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Yet another Sanyo MBC-55x thread?

generic486

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Mar 30, 2012
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Yes, first try cleaning the heads. You have to remove all the shielding from these TEAC drives unlike the later ones.
It would be bad if the floppy controller is failing as everything is intergrated. Usually it's the C9 cap at fault when something goes wrong with the floppy drives.
Also, although unlikely, your drives may be misaligned. However, I highly doubt this.
This is a guess but maybe you should reseat some of the DIP's on your mobo. I had a floppy problem in an XT because the Zilog FDC chip was not seated properly. However, I do not know if the floppy controller chip is socketed or soldered.
 

digress

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I desoldiered the c9 cap. I then swap the drives and changed their respective dip switches and now it's back alive. Thanks to everyone for the suggestions. The newly swapped to B: drive seems to not be functioning quite correctly anymore. Can get a directory but will not read the disk properly enough to execute a program... or boot apparently. I can live with one drive for now.

Now if only I could rig a hard drive or something.

Thanks again.

Oh by the way if the person who just discovered the cga video board needs it if have the sanyo video board boot disk and an opertional Sanyo with the CGA video board.

Gerry
 

generic486

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I have never seen a MBC-550 with the Winchester disk card. I think very few sold. Most people who wanted the 550 were people with a budget in mind. People who had lots of money to spend mostly got the MBC-775 (portable) or MBC-875. It's odd how you never hear about those computers. I think the 875 had the MFM hard drive as standard.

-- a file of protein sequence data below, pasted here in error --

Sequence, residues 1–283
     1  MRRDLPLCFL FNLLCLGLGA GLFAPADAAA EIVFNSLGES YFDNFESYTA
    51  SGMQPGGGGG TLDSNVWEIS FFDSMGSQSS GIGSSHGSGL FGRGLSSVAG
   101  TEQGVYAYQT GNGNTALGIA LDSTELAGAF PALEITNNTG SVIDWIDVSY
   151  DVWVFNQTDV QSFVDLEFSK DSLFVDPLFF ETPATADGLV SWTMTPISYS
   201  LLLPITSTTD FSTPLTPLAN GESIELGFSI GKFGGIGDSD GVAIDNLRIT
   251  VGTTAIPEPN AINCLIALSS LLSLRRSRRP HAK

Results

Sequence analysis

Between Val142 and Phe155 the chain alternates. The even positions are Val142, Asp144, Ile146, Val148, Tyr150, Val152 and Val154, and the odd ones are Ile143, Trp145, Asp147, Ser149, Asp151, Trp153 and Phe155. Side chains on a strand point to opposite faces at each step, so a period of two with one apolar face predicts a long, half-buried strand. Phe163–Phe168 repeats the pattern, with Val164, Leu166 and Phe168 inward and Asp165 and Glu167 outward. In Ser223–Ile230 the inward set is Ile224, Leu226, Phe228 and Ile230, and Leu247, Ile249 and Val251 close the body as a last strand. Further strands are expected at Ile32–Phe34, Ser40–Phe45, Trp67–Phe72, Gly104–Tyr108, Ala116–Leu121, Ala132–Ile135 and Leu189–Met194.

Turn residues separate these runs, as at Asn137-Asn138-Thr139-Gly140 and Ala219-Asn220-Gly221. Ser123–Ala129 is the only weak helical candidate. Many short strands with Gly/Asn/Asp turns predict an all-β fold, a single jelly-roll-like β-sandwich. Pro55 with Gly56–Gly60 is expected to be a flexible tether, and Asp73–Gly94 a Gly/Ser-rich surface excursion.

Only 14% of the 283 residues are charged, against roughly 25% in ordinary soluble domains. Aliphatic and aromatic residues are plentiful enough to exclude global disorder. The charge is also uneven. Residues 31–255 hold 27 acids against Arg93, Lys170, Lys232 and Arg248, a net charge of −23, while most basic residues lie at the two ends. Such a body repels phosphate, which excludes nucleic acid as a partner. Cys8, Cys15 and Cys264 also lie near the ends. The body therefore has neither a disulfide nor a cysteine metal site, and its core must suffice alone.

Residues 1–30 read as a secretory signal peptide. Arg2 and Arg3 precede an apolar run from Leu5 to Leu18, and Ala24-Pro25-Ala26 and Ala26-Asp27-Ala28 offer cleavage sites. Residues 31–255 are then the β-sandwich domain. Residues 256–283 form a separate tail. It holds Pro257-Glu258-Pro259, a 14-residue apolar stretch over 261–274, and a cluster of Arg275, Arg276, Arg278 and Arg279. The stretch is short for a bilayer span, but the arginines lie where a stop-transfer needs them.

Old Computers

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I think that there were also 3rd party HDDs and controllers. I was looking through some of my Soft Sector issues a while ago, and there were several advertisments for them.
 

BradN

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Aug 27, 2006
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Just to clear up a little confusion on the CGA card and boot process (sorry for dragging up a months old thread):

The CGA cards contain a ROM but it is only a character ROM for text mode - no program code is ever executed from it, and it's not accessible at all from software. If you have MBC-55x hardware but no boot disk specific to it, the best you will get the machine to do is emit garbage to the screen on an attempted boot. There's no BIOS logo or anything other than a blank screen output (on the onboard video) and a persistent attempt to read the boot sector on drive A. Before the OS has loaded from floppy, the CGA is probably outputting a signal with bad sync as the CRTC chip hasn't been configured at all.